Os Mutantes Revive Tropicalia at LPR

Brazil's legendary Tropicália band, Os Mutantes, came to Le Poisson Rouge for two nights to prove that they can still throw a good party. Original member Sérgio Dias led the troupe with charisma and explosive guitar solos.

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Photo: Oresti Tsonopoulos
Brazil's legendary Tropicália band, Os Mutantes, came to Le Poisson Rouge for two nights to prove that they can still throw a good party. Original member Sérgio Dias led the troupe with charisma and explosive guitar solos.
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Photo: Oresti Tsonopoulos
Pedro Moraes, Brazilian pop crooner, warmed up the crowd at LPR with a few originals.
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Photo: Oresti Tsonopoulos
Pedro's NYC-based bassist proved a worthy accomplice, playing intricate Brazilian rhythms and grooves.
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Photo: Oresti Tsonopoulos
Pedro's warm baritone was a pleasant contrast to the often thin-voiced songwriters one can bump into on Bleecker Street on any given night.
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Photo: Oresti Tsonopoulos
Moraes's drummer, son of one of Novos Baianos's members, joined the fun, making the evening complete with various legendary Brazilian musical bloodlines.
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Photo: Oresti Tsonopoulos
Catch Pedro Moraes for yourself on Monday, January 14th at Le Poisson Rouge.
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Photo: Oresti Tsonopoulos
Though the only original member of Os Mutantes gracing the stage at LPR, Sérgio Dias brought the energy and good humor necessary to make the show a true success.
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Photo: Oresti Tsonopoulos
Though significantly younger than Dias, the current backing band of Os Mutantes has the right idea. They exude the psychedelic nature of the music in their demeanor, dress and playing.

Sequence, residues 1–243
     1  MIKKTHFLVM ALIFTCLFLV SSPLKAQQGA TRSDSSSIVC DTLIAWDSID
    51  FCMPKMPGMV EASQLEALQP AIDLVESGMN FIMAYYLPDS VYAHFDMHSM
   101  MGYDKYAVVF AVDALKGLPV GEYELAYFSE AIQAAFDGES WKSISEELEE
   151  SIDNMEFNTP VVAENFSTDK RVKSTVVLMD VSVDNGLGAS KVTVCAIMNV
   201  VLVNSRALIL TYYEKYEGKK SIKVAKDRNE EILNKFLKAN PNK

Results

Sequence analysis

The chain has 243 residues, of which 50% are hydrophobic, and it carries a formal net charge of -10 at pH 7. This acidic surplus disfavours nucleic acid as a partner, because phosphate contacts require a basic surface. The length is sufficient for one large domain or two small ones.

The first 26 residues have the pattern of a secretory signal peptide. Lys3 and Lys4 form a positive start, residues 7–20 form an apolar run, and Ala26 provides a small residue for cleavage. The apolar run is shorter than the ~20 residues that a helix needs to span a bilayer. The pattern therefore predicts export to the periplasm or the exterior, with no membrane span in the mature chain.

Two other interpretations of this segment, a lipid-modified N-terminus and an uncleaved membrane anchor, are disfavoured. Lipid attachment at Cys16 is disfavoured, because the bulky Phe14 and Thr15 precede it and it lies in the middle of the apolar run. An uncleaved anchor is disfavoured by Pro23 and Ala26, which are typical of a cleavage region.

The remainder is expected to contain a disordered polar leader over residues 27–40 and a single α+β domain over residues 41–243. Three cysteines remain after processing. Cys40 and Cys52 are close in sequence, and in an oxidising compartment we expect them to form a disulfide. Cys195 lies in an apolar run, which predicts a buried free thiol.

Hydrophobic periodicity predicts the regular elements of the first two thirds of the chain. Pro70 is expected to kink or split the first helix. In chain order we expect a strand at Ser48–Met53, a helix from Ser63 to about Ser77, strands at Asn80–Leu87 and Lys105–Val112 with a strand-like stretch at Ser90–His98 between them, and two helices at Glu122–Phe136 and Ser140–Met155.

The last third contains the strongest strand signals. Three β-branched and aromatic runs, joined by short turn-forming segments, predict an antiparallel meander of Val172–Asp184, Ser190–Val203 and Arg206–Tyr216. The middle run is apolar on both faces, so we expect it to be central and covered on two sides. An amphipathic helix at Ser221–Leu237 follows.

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Photo: Oresti Tsonopoulos
Sérgio Dias held nothing back, playing ample bluesy solos compounded with copious fuzz.
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Photo: Oresti Tsonopoulos
Bia Mendes, who has the immense task of replicating Rita Lee's vocals, does so effortlessly, flirting with the audience throughout the performance.
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Photo: Oresti Tsonopoulos
Dias brought out all of the old toys.
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Photo: Oresti Tsonopoulos
Os Mutantes's new drummer kept a straight face throughout the performance, making sure to keep the occasionally wild tracks in order.
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Photo: Oresti Tsonopoulos
Dias was dressed as some sort-of rock and roll monk, draped in black.
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Photo: Oresti Tsonopoulos
Mendes never stopped smiling, exuding good vibes to the band and audience.
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Photo: Oresti Tsonopoulos
Dias's sideman had a lot on his plate, dealing with woodwinds, guitar parts, back-up vocals and electronics.
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Photo: Oresti Tsonopoulos
Os Mutantes took us through their entire repertoire, from 1968's "A Minha Menina" to 2009's "Neurociencia do Amor."
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Photo: Oresti Tsonopoulos
A scarlet red keyboardist played classic samples from the 60s and 70s along with shrieking organ lines.
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Photo: Oresti Tsonopoulos
MVTANTES drum head.
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Photo: Oresti Tsonopoulos
Flute and other woodwinds play an important part in the classic Tropicália sound.
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Photo: Oresti Tsonopoulos
Os Mutantes sold out two nights at LPR, gathering NYC's Brazilian population along with Tropicália fans excited to hear songs they'd only heard recordings of live.
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